Real Crime Blog

The MS-13 Gang: Destroying a New York Village's Sense of Community

An MS-13 gang member. AP Photo/Luis Romero, File)

Back in the 1970s, the village of Patchogue in Long Island, New York was safe enough to stroll around in after dusk, said resident Josephine Castagnole, 67 years old. But these days, the Burlington Coat Factory employee says that danger defines the village of 11,700 inhabitants.

“We’re shoplifted on a daily basis,” Castagnole says. “The police don’t do anything.”

On first impression, it’s hard to believe. Even today, Patchogue’s center looks positively idyllic: businesses signposted with carved-wood-and-gold lettering, a low-rise skyline punctuated by the oxidized copper spire of an 18th-century red-brick church. It’s a village with gazebos and a public garden; with a frozen yogurt shop and a gourmet Japanese restaurant; with a single-platform train station, where there’s a reading room with free books to peruse, so passengers can skim The Boxcar Children or the Bible while waiting for a train.

But the hamlet’s cheerful exterior belies a shockingly violent struggle: one where Suffolk County law enforcement are trying to beat back the expansion of MS-13, a Salvadoran street gang, even as villagers struggle with the scars left from when a group of local high schoolers murdered a Latino immigrant not 10 years ago.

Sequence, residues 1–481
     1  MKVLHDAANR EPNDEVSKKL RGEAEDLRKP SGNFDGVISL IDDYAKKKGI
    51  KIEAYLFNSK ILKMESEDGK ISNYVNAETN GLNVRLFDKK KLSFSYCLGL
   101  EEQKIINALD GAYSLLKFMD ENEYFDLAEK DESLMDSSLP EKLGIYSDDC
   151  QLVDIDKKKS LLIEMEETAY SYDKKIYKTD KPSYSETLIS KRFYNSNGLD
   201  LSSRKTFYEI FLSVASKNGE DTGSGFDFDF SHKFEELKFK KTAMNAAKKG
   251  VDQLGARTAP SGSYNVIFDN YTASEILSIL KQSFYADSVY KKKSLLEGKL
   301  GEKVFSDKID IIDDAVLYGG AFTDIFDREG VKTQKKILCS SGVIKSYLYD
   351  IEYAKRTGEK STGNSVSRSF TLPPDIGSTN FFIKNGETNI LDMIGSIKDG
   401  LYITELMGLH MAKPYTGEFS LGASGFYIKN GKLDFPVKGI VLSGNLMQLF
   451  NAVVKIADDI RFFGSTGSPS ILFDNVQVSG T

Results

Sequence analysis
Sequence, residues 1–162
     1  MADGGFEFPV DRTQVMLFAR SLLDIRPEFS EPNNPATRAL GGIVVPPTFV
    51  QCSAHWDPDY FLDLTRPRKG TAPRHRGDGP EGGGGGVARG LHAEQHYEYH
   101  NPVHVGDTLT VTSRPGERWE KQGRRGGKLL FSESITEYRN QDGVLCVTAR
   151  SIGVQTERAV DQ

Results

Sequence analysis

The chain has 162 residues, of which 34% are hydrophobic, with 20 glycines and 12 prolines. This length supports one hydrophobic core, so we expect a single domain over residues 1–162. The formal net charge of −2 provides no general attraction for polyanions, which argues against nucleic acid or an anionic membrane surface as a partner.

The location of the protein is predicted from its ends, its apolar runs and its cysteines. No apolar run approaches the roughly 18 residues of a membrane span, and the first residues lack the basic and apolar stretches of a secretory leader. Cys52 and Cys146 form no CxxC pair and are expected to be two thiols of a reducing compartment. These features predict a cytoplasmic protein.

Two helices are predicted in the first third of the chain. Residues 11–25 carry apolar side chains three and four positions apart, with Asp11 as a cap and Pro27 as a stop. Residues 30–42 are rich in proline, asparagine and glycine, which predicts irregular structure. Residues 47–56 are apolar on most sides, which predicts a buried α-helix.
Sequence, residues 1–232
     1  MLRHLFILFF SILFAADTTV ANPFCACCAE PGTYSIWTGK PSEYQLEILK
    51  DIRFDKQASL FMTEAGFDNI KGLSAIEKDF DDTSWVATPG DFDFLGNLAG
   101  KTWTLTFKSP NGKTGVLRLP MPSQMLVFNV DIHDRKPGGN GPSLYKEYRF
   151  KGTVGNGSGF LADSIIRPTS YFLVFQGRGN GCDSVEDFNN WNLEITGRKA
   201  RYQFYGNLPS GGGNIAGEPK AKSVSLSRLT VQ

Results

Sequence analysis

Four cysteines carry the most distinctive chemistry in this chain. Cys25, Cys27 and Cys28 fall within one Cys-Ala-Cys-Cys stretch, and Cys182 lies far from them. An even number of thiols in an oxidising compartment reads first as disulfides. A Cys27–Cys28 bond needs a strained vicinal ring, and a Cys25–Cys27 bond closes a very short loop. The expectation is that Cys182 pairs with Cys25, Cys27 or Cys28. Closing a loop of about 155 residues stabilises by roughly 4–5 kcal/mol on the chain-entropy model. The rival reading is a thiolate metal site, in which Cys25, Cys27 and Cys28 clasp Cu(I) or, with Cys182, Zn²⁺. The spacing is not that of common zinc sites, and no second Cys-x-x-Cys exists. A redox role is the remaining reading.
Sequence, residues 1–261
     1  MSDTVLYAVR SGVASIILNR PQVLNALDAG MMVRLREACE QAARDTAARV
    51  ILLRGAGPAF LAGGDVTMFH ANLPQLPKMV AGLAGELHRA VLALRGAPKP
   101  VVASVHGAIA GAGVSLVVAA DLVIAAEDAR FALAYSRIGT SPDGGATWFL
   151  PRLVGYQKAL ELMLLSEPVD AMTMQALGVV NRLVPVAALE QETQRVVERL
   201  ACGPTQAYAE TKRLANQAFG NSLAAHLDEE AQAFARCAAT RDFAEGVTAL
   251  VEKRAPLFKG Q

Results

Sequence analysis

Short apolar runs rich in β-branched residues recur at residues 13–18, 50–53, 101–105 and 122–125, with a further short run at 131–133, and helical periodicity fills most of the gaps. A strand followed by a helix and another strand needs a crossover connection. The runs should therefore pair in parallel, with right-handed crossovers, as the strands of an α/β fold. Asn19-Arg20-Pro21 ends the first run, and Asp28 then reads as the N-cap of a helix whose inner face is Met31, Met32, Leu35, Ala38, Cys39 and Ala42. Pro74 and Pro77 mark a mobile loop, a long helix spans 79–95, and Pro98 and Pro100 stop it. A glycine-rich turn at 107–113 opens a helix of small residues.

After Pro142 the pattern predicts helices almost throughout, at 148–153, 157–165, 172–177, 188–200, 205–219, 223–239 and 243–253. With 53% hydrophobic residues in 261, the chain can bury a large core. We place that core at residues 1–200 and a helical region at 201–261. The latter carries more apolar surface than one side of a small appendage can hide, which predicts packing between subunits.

In the early morning hours of August 19, Patchogue police ran a coordinated raid on the Cuscatlon Lounge and El Capitan Sports Bar: two dives, both on the outskirts of town. A spokesman for the Suffolk County Police Department said that the bars were raided because they were MS-13 hangouts. Seven patrons were arrested.

According to Adriana Correa, a 30-year-old nail-salon technician who once rented a room above the Cuscatlon Lounge, “It reeked of marijuana. Bad people were coming and going there all the time.”

MS-13 (or “mara salvatrucha”) has so plagued Long Island that President Trump called the group out by name in a speech this July, saying that his administration would be “liberating our American towns.”

According to the Suffolk County Police Department, MS-13 has been responsible for 17 murders in the county since January 2016, including those of two East Patchogue residents: Bellport High School students Justin Llivicura, 16, and Jorge Tigre, 18. Both were found dead in Central Islip in April, mutilated and dismembered by machetes—victims of an MS-13 quadruple homicide.

It’s believed that MS-13 originated in 1980s southern California, when a wave of Salvadorans came to the United States as refugees fleeing civil war. After the war ended, many returned to El Salvador but continued with organized crime, using threat of violence to extort money from local business owners. But those claiming the MS-13 banner in America are far more disjointed and largely commit crime without economic incentive, according to Charles Katz, director of the Center for Violence Prevention and Community Safety at Arizona State University and a preeminent scholar on the group.

“There’s no financial reason for it,” Katz says. “You’re in a fight with another group. You’re expressing concerns that you’re being disrespected. It’s expressive violence.”